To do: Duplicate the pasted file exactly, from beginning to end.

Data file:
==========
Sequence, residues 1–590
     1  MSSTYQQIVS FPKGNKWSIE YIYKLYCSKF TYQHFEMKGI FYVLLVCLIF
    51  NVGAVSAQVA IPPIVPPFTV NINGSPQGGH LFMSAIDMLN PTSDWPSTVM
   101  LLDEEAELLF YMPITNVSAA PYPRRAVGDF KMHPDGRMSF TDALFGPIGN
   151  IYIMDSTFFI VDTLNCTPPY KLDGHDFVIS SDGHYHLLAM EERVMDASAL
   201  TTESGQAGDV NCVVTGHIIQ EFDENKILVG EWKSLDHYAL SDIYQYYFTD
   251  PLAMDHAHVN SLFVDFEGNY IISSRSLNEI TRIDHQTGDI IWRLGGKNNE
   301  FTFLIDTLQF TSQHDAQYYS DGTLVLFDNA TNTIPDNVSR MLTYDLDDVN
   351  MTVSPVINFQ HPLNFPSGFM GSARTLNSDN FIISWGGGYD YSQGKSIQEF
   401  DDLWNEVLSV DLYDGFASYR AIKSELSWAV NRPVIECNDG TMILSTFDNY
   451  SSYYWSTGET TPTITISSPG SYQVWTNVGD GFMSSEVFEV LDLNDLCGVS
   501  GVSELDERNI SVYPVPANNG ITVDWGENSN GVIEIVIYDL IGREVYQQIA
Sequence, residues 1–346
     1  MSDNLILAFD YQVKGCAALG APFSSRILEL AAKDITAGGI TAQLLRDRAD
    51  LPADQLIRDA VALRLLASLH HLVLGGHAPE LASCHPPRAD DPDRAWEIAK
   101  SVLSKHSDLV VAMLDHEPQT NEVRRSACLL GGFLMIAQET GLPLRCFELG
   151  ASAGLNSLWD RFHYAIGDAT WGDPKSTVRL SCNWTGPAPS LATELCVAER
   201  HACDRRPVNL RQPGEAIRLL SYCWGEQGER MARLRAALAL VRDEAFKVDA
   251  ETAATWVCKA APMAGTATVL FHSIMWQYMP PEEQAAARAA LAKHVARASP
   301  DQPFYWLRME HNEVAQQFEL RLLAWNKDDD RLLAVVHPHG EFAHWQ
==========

Sequence, residues 1–590
     1  MSSTYQQIVS FPKGNKWSIE YIYKLYCSKF TYQHFEMKGI FYVLLVCLIF
    51  NVGAVSAQVA IPPIVPPFTV NINGSPQGGH LFMSAIDMLN PTSDWPSTVM
   101  LLDEEAELLF YMPITNVSAA PYPRRAVGDF KMHPDGRMSF TDALFGPIGN
   151  IYIMDSTFFI VDTLNCTPPY KLDGHDFVIS SDGHYHLLAM EERVMDASAL
   201  TTESGQAGDV NCVVTGHIIQ EFDENKILVG EWKSLDHYAL SDIYQYYFTD
   251  PLAMDHAHVN SLFVDFEGNY IISSRSLNEI TRIDHQTGDI IWRLGGKNNE
   301  FTFLIDTLQF TSQHDAQYYS DGTLVLFDNA TNTIPDNVSR MLTYDLDDVN
   351  MTVSPVINFQ HPLNFPSGFM GSARTLNSDN FIISWGGGYD YSQGKSIQEF
   401  DDLWNEVLSV DLYDGFASYR AIKSELSWAV NRPVIECNDG TMILSTFDNY
   451  SSYYWSTGET TPTITISSPG SYQVWTNVGD GFMSSEVFEV LDLNDLCGVS
   501  GVSELDERNI SVYPVPANNG ITVDWGENSN GVIEIVIYDL IGREVYQQIA
Sequence, residues 1–346
     1  MSDNLILAFD YQVKGCAALG APFSSRILEL AAKDITAGGI TAQLLRDRAD
    51  LPADQLIRDA VALRLLASLH HLVLGGHAPE LASCHPPRAD DPDRAWEIAK
   101  SVLSKHSDLV VAMLDHEPQT NEVRRSACLL GGFLMIAQET GLPLRCFELG
   151  ASAGLNSLWD RFHYAIGDAT WGDPKSTVRL SCNWTGPAPS LATELCVAER
   201  HACDRRPVNL RQPGEAIRLL SYCWGEQGER MARLRAALAL VRDEAFKVDA
   251  ETAATWVCKA APMAGTATVL FHSIMWQYMP PEEQAAARAA LAKHVARASP
   301  DQPFYWLRME HNEVAQQFEL RLLAWNKDDD RLLAVVHPHG EFAHWQ